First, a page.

Reduce email interruption. I’m stating the obvious here – just like for IM, try to have two separate email accounts – one for your personal and one for your professional life. Get better anti-spam filtering, so that your Inbox only contains real messages. Define filters, labels and rules, and (on Gmail) Archive anything that matches them – move as much stuff out of your Inbox as possible.


Check out stuff only on predefined schedules. Looking at the Dock/Taskbar to see if any new mail has landed in your Outlook / Mail.app can become a bad habit really quickly. Instead, set your Taskbar/Dock to auto-hide, and try learning to check them at predetermined fixed times only. You can define recurring alerts on your phone, calendar or even with Quicksilver to remind you of the moments you allow yourself to check email, go online for a bit of browsing or IM your friends.


There are certainly many more tips you can do to cure your Internet ADD – for instance, when doing hard work, setting your browser preferences to block images, Flash or Java applications can avoid a lot of distractions. For instance, when I was in college, during exams season we used to unplug the computer altogether to remove temptation, and only allow ourselves a quick browsing or gaming session for an hour or so, as a reward after the exam. It surprisingly worked pretty well.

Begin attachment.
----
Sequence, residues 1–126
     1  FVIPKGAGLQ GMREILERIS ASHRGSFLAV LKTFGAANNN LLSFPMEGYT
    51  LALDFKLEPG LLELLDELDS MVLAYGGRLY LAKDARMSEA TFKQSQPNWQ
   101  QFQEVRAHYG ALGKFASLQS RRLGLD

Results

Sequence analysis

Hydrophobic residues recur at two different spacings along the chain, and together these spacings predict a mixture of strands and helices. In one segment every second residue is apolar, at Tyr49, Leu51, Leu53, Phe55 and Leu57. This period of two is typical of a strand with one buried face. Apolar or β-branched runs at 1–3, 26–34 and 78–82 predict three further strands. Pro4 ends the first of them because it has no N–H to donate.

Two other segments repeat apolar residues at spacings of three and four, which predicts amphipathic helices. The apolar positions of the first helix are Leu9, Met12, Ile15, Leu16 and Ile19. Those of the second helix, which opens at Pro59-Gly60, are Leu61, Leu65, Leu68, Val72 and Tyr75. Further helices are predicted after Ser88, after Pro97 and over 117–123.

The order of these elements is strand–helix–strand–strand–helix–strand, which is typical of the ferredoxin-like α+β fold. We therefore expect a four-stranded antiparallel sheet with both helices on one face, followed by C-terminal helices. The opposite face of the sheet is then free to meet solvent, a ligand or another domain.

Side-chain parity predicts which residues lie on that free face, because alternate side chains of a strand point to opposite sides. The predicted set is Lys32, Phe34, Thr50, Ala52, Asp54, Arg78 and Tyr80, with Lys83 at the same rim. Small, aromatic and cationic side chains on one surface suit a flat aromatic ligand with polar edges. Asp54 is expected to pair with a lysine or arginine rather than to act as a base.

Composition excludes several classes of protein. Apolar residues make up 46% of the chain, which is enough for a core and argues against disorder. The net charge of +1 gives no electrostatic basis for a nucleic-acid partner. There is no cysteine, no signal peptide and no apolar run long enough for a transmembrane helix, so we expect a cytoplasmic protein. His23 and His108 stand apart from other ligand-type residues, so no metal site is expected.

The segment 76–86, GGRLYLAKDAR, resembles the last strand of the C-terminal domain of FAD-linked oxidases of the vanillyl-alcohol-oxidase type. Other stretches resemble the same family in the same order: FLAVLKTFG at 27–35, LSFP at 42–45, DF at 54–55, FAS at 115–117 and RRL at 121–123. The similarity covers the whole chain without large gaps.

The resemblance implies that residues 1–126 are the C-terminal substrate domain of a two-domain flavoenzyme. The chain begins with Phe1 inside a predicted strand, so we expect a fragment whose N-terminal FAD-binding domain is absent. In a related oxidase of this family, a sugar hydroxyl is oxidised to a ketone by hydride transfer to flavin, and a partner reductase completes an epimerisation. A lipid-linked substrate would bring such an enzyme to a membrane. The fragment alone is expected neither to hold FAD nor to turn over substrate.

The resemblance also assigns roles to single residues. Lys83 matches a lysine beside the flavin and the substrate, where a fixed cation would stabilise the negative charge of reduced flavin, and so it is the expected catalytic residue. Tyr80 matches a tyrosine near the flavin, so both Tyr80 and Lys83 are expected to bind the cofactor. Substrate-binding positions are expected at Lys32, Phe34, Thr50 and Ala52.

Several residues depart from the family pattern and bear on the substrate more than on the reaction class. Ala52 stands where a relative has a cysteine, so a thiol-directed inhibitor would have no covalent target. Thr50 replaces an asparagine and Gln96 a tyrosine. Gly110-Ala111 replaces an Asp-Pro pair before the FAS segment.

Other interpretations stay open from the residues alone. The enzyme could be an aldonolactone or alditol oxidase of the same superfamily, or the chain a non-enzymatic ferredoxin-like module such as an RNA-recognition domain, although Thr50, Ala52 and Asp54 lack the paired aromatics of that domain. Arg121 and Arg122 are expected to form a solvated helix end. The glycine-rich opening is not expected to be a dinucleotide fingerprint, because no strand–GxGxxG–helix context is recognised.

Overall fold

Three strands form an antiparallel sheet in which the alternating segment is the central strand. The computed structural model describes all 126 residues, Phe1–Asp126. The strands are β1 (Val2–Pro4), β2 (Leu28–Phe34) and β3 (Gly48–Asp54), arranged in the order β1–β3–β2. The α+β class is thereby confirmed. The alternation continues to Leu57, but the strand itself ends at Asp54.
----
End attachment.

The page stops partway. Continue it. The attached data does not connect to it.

Source
Saturday, March 24, 2012

Internet addiction testing : Internet Addiction Test (IAT)

Internet addicting test (IAT) tool is a simple free testing tool for internet addiction that can be taken in no time , it will give you your level of internet addiction based on psychological tools

Internet addicting test (IAT) is offered by psychology-tools site as one of many free psychological tools given by this site 

 Try it and give us your feedback :)
Monday, March 5, 2012

Quotes about fighting Addiction

Quotes about fighting Addiction

Life is very interesting... in the end, some of your greatest pains, become your greatest strengths.
Drew Barrymore Quote for Overcoming Addiction
Drew Barrymore is best known for her role as an actor. She has successfully and gracefully overcome addiction to drugs and alcohol and is an inspiration to all who struggle with addiction.

"Determine that the thing can and shall be done, and then we shall find the way."
Overcoming Addiction Quote by Abraham Lincoln (February 12, 1809 - April 15, 1865)

"Nothing can stop the man with the right mental attitude from achieving his goal; nothing on earth can help with man with the wrong mental attitude."
W.W. Ziege motivational quotation

"The greatest pleasure in life is in doing what people say you cannot do."
Overcoming Addiction quotation by Walther Bageholt

"The greatest revolution of our generation is the discovery that human beings, by changing the inner attitudes of their minds, can change the outer aspects of their lives."
William James (January 11, 1842 - August 26, 1910) quotation

"Well done is better than well said."
Benjamin Franklin (January 17, 1706 - April 17, 1790) motivational quote

"To trust yourself to test your limits. That is the courage to succeed."